"Arctic Amplification" Caused Greenland To Set Melting Records In 2015


Robin Andrews

Science & Policy Writer

Calved icebergs floating off the coast of Qaqortoq, Greenland, in 2013. Joe Raedle/Getty Images

The Arctic has everything going against it. Not only do warm ocean currents preferentially head towards it, but it also undergoes a phenomenon called Arctic amplification, wherein the lack of sea ice is allowing the Sun to heat the sea there without impediment.

Now, a new Nature Communications study has revealed for the first time that the effects of Arctic amplification have reached Greenland, which contains the world’s second-largest ice sheet. If it was all to melt, it would raise sea levels by 7 meters (23 feet).


In order to track whether or not Arctic amplification was occurring over Greenland, the team of researchers looked to the jet stream, a high-altitude funneling of air that separates frigid northern air from far warmer southern air masses.

content-1465476510-animation-21.gifA shrinking temperature difference between the region and areas further south, thanks to Arctic amplification-relating warming, would cause the jet stream to slow down. This jet stream deceleration would cause it to kink and bend erratically, perhaps allowing far warmer air masses to move upwards over the Arctic Circle.

This precise northern swing was tracked by the researchers last year, showing that it reached record-breaking high latitudes during the summer months. This warmer air also brought with it clear skies, which allowed the Sun to start melting away parts of Greenland’s ice sheet with unadulterated fury. This led to Greenland experiencing both unprecedented temperature highs and melting in 2015, particularly during the summer months.

“If loss of sea ice is driving changes in the jet stream, the jet stream is changing Greenland, and this, in turn, has an impact on the Arctic system as well as the climate,” lead author Marco Tedesco, a research professor at Columbia University's Lamont-Doherty Earth Observatory, said in a statement. “It's a system, it is strongly interconnected and we have to approach it as such.”


Thanks to man-made climate change, the sea ice extent in the Arctic has dramatically shrunk over the last four decades. In fact, just this May, the sea ice extent set a record low every single day. Without this hyper-reflective ice around, the incoming solar radiation slowly warms the dark northern waters.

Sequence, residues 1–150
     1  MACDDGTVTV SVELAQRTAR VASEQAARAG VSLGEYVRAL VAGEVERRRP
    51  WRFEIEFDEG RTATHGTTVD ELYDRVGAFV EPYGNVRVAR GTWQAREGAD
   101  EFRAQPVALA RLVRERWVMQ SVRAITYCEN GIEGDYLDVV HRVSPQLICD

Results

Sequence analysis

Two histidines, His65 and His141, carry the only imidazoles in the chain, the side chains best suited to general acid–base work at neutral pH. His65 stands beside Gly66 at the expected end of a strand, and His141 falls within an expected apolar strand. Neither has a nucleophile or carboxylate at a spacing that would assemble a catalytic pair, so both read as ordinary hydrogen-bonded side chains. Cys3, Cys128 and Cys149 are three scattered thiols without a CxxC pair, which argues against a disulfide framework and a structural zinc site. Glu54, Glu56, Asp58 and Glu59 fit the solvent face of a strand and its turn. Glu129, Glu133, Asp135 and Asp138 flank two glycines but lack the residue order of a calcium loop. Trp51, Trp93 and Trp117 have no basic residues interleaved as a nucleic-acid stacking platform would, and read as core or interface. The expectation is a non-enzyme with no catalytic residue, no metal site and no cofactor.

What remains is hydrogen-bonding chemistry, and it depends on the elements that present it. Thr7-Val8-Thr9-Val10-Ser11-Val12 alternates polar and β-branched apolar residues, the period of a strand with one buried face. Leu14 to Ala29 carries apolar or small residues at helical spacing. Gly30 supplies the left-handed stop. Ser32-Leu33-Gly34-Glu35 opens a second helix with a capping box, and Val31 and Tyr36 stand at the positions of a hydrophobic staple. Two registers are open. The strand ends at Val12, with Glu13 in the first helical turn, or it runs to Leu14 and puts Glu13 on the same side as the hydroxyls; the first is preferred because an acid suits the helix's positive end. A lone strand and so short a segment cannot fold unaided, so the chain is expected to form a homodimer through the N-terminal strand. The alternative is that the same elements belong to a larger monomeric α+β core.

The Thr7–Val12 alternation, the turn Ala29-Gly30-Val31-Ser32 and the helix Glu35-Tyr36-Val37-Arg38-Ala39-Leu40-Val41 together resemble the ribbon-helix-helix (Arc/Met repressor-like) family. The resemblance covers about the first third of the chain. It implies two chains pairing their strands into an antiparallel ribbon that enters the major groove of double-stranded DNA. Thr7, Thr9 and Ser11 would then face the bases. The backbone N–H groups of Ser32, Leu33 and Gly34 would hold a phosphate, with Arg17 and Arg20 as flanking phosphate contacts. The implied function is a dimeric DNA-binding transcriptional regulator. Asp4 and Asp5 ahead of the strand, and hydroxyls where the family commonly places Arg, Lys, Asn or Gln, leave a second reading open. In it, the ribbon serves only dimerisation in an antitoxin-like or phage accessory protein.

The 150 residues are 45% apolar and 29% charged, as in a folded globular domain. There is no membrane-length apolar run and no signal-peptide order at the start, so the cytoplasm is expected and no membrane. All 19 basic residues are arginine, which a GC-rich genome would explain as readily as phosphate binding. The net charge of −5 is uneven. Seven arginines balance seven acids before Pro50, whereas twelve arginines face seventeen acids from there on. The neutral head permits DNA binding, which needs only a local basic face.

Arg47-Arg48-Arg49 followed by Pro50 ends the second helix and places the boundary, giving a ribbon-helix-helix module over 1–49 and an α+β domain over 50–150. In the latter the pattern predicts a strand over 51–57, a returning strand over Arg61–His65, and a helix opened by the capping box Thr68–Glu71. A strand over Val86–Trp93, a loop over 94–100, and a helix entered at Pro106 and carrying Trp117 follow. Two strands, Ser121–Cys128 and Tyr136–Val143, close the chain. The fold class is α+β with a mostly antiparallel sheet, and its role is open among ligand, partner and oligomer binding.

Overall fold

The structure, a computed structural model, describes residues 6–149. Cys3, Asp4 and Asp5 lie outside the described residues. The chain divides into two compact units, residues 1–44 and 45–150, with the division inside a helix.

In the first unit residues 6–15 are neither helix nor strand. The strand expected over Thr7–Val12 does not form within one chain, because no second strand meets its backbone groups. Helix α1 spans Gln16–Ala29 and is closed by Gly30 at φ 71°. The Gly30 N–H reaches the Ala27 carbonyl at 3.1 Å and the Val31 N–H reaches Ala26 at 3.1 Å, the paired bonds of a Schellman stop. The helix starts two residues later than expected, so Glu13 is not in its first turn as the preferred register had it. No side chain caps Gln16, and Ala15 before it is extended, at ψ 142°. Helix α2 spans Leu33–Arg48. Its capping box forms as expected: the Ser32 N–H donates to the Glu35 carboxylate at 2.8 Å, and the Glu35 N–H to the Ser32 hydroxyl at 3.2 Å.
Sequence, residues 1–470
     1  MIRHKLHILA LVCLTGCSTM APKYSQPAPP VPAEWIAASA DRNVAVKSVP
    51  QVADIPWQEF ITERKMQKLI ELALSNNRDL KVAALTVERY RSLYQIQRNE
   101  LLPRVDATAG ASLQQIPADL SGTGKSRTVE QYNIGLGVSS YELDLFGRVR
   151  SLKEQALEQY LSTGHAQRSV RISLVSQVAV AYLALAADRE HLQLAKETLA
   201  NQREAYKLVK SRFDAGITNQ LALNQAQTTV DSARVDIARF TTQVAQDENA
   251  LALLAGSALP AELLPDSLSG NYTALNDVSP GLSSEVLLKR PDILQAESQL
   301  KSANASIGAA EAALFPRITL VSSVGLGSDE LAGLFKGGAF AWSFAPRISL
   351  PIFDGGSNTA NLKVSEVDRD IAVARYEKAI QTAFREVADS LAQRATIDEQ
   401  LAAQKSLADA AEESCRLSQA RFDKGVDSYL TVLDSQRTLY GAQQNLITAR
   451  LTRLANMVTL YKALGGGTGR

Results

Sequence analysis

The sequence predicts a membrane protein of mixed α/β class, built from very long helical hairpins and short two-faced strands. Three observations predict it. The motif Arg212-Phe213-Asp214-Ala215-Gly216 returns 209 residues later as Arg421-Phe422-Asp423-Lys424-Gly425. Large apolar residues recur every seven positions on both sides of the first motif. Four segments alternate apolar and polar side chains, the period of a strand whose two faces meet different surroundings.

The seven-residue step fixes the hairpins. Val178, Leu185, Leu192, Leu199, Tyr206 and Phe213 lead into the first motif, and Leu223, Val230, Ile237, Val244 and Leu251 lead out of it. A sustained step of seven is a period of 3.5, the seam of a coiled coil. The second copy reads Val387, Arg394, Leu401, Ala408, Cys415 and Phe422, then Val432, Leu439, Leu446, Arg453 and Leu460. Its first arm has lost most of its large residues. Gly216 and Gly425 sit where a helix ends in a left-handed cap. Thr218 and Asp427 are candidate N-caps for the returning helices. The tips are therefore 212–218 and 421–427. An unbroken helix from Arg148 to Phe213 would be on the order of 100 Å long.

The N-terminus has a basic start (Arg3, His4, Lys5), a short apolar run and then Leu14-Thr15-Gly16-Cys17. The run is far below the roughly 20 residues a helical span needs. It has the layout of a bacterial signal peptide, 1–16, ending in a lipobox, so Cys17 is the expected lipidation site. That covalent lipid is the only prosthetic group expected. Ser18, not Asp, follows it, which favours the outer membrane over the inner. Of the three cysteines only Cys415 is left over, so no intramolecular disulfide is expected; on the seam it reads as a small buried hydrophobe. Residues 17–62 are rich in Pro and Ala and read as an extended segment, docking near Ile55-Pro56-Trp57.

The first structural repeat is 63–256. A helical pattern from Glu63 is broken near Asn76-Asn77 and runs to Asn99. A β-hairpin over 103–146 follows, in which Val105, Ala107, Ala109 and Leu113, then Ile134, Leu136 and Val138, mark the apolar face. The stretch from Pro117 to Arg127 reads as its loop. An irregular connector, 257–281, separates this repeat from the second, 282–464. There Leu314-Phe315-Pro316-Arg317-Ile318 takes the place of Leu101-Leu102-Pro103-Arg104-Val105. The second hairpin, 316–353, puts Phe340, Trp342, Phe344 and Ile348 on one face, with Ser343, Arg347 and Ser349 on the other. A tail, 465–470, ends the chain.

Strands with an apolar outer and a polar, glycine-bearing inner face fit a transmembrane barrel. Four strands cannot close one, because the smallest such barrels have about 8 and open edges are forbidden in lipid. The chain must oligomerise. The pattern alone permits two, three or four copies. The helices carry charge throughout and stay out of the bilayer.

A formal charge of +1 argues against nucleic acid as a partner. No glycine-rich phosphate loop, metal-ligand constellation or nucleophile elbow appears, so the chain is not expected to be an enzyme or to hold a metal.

The ocean, once heated, retains its heat for a long time, which promotes the melting of sea ice in the conventionally colder northern latitudes. Warmer waters lapping up against the ice shelves of Greenland also become unstable and collapse into the sea, allowing massive glaciers blockaded behind them to slip into the ocean.

All in all, there will be more warm water than before, which will only continue to warm. This, in short, is Arctic amplification, and it explains why the Arctic is warming faster than any other region on the planet; the jet stream phenomenon documented by this study is yet another feature related to it.

A future without any Arctic sea ice at all is a distinct possibility. DonLand/Shutterstock


Arctic amplification is having a dramatic, observable effect on the north. Greenland’s vast ice sheet, for example, began to experience ludicrously early melting just this year, with at least 12 percent of it thawing out by April thanks to sustained, summer-like temperatures.

In addition, the amount of anomalously warm days in the region are literally off the charts. As study after study keeps revealing, even the most pessimistic estimates about the Arctic’s immediate future are turning out to be optimistic when the real data is taken into account.

Gif in text: The polar jet stream can be seen here (x) moving up over Greenland during June and July of 2015, bringing warmer (yellow) air into a conventionally colder (blue) atmospheric environment. Marco Tedesco/LDEO